This list is of technologies that failed. No one technology is guaranteed to be successful even if its information technology. That does not mean that overall we can not predict how information technology will advance and the fact it advances exponentially and faster overtime, Moore's law. It just means that no one can predict how each and every technology will do and that I agree with. How will Google glass do? I have no idea but if you look back it was predicted we would have that kind or technology today and we do with more companies coming out with similar glasses this year. I was going to get Google glass but now I think I want something like Meta glasses. So which company will be the most successful and which ones will be in the failed list? Your guess is as good as mine.
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Old 04-18-2014, 06:03 PM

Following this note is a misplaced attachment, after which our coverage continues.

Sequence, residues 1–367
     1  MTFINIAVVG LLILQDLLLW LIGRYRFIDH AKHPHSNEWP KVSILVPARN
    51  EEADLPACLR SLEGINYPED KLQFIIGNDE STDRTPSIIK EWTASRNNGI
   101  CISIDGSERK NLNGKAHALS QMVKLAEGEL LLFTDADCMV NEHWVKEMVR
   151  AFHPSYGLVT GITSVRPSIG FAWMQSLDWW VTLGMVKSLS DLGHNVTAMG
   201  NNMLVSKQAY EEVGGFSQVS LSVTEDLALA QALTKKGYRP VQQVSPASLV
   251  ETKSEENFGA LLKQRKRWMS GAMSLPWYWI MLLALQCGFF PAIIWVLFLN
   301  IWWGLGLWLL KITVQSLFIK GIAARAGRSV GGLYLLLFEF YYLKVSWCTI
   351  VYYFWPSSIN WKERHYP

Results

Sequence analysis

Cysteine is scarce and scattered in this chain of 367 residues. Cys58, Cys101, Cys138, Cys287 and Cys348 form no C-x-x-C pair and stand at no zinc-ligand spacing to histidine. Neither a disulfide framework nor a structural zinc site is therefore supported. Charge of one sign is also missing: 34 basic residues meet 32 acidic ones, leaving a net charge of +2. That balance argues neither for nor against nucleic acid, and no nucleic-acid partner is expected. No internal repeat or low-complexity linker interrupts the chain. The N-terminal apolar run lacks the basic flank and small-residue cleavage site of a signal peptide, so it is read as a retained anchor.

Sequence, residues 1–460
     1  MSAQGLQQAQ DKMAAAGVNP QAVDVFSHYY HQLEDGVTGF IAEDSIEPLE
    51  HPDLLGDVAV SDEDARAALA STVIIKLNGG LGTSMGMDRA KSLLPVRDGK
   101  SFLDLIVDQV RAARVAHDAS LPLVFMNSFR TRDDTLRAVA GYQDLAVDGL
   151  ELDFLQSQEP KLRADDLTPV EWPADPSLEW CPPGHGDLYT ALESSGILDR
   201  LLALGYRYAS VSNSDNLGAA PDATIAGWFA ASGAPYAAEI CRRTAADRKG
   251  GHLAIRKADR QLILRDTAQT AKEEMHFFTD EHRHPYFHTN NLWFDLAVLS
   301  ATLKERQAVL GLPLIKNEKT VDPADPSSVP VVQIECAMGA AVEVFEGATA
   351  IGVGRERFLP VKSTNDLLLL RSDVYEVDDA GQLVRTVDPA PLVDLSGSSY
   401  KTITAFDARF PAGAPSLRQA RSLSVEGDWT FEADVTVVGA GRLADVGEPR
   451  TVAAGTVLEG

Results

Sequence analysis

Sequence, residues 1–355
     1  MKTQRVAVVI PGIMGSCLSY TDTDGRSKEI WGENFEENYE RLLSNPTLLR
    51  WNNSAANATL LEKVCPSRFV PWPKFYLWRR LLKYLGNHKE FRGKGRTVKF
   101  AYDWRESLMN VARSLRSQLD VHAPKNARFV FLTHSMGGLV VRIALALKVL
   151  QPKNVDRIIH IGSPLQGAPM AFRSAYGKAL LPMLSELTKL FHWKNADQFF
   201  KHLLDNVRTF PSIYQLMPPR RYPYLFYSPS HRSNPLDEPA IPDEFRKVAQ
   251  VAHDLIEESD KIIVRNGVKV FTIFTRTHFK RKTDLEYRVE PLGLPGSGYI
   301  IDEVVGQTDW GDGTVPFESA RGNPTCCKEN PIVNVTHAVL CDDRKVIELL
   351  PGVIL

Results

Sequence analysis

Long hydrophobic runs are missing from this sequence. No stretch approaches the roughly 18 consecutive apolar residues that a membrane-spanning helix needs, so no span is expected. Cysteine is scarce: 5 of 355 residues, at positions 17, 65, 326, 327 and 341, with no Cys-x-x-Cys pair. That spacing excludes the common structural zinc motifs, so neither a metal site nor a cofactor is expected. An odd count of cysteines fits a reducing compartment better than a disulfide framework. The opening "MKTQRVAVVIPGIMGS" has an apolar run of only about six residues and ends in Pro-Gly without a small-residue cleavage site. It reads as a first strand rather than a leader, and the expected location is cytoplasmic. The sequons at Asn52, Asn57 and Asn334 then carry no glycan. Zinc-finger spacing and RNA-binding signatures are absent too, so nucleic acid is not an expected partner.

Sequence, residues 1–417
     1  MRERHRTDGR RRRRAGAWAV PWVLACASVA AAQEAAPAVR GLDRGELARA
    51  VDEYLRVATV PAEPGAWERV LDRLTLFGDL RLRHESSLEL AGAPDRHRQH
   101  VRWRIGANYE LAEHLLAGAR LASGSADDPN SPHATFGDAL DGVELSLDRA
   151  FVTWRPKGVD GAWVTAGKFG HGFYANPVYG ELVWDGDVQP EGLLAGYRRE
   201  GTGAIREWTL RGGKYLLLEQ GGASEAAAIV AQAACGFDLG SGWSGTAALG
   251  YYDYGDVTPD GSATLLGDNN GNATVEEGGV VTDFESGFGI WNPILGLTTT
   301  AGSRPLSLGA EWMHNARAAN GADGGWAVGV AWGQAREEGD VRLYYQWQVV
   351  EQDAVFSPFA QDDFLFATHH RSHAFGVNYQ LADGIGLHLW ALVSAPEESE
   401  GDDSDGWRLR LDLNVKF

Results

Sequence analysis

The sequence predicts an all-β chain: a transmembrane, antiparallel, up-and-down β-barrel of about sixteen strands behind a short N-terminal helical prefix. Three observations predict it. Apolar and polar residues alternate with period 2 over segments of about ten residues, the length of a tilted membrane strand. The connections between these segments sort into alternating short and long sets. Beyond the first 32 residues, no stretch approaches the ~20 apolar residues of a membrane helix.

31,385 posts, read 31,190,437 times
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Quote:
Originally Posted by Josseppie View Post
I don't think the future will be like any Hollywood movie. I do not think people will "retire" as the entire nature of working will change as society becomes more advanced. Plus as people never age they will never hit "65". Its hard for us to imagine today but the new normal will be vastly different and I am not talking for the next generation but ours in the next 15 years.
Now which one of us is thinking like a Hollywood movie?